Category: Student Issues

5 Things I Wish I’d Known About Finishing A Levels

by Joyce Er (15A01A)

So this is it. You’re a fresh-faced J1 or anxious J2 anticipating (or dreading) what will be the culmination of 12 years of Singaporean education: the A Level exams. You’re determined to give it your all and bag straight As, and can’t wait for your first taste of post-JC freedom. As a fresh graduate who just finished my examinations little over a week ago, here are some nasty surprises that you might not expect. You have been warned.

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The Holiday Bucketlist

by Daphne Tang (16S03M) and Lim Lex-xis (16S03M)

As we near the halfway mark of our year-end holidays, now becomes an optimal point for us to take stock of what we’ve been doing so far, and think of how we can make use of the remaining time we have left until we are whisked back into the whirlwind that is school life. For those of us who have already exhausted our usual hangouts and are reduced to lounging around at home languidly, we have compiled our very own December Bucket List of activities ranging from serene nature explorations to thrilling physical pursuits, with prices ranging from $0 to $100 to make the best out of this small pocket of free time. Continue reading “The Holiday Bucketlist”

Dealing with Disappointment

By Darrell Koh (16A13A)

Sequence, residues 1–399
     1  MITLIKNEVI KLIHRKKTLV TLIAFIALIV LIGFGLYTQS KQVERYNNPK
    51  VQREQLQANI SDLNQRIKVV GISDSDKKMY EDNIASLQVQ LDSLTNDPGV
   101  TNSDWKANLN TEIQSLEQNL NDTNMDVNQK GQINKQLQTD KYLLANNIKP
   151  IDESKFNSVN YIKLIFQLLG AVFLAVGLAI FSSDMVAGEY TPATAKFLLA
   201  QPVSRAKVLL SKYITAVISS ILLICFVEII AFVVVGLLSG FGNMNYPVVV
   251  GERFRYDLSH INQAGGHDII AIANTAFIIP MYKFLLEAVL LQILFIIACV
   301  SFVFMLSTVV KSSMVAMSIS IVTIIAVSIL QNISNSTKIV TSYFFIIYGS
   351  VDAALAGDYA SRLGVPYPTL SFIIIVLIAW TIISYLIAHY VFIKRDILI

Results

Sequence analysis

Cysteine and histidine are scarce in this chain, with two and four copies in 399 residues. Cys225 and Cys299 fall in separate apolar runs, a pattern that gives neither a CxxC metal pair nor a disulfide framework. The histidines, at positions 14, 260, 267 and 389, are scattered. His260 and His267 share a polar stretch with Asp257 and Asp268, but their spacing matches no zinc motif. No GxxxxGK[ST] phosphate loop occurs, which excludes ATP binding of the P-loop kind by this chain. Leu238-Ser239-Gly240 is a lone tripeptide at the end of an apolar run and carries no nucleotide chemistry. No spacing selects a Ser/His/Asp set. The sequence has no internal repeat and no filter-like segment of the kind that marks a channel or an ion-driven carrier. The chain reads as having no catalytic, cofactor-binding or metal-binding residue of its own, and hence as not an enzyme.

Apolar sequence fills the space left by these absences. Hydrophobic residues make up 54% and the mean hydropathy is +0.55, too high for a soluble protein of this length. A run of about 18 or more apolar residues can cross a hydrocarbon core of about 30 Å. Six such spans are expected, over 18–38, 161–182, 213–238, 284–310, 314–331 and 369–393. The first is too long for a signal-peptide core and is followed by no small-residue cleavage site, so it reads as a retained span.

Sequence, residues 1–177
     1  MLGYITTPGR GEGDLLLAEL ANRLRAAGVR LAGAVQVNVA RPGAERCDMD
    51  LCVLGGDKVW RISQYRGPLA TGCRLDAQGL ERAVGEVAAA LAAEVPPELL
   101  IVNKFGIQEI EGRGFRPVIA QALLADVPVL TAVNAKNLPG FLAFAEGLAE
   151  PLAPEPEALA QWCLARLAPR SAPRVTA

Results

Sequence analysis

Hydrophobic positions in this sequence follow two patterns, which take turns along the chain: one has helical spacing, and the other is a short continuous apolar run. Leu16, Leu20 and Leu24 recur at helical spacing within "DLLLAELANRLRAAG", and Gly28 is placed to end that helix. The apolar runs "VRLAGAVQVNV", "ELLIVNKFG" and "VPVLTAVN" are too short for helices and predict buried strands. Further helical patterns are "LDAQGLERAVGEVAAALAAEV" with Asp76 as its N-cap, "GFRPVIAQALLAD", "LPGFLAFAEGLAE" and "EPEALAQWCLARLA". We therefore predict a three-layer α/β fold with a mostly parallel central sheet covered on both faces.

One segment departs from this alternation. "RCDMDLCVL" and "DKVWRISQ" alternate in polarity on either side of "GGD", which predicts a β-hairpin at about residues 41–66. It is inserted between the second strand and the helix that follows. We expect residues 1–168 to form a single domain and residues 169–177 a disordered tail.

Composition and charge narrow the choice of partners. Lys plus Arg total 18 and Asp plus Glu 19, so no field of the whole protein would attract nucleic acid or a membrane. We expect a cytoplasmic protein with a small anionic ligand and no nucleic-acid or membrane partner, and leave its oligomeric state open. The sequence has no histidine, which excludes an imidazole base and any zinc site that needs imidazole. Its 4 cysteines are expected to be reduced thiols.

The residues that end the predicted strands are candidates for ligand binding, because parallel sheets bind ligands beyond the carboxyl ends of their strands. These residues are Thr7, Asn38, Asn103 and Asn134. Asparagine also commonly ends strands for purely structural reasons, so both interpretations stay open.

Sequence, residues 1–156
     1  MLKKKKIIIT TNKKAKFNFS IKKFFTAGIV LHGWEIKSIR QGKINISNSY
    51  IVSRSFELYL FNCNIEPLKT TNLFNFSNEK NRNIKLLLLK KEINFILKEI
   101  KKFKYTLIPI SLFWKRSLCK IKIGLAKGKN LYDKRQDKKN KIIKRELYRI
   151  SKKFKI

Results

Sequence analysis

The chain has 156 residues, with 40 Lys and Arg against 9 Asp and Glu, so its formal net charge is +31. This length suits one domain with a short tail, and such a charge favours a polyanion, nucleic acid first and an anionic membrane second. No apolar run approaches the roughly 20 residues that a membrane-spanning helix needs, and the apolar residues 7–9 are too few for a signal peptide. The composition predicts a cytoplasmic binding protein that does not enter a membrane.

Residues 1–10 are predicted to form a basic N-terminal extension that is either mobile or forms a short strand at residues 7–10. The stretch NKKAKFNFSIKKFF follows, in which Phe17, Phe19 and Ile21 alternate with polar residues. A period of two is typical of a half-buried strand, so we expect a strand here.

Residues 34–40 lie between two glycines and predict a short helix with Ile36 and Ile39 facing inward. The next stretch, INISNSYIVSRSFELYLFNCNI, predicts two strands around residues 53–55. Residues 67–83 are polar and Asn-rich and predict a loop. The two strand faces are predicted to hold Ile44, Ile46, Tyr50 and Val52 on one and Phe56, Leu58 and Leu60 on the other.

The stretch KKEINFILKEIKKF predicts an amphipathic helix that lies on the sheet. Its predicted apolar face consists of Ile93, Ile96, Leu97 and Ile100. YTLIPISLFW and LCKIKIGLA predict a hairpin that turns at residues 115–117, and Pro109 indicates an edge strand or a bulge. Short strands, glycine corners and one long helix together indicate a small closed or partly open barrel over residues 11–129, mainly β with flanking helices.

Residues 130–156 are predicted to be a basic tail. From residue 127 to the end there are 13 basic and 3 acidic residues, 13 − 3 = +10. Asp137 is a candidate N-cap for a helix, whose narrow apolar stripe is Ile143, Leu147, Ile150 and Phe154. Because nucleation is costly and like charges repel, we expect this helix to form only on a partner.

As any exam looms closer, one inevitably thinks of the gruelling exams for which the descent into “mega mugging madness” is the only method of survival. At this point, it is common for exam-related worries to be vocalized, as evident from the multiple cries of “I’m so screwed for Econs!”. However, some emotions prompted by receiving results are surely not vocalized with the same enthusiasm. Of the diverse range of feelings that may be produced, two prominent emotions come to mind: satisfaction and disappointment.  The former may readily manifest itself physically, while the latter often shrouds itself in silence. This article will attempt to give disappointment a voice and suggest ways in which those who feel disappointed can stand up again and eventually achieve satisfaction.

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Broken Telephone: Life Without a Smartphone

By Kristal Ng (16S07C)

The first thing I hear when I tell people that I don’t have a smartphone is usually, “How do you live like that?” followed by a fascinated “Can I see?” before I display my retro Nokia. It’s already an upgrade from a $25 Nokia 108, to a $38 Nokia 215. Other than its push-button typing, legendary feature games (Snake – remember that?) and of course its unbreakable casing, there isn’t really much that my phone can do other than call and text. Since my parents had decided against my getting a smartphone from the get-go, fearing that it would become a distraction, I have never owned a smartphone before.

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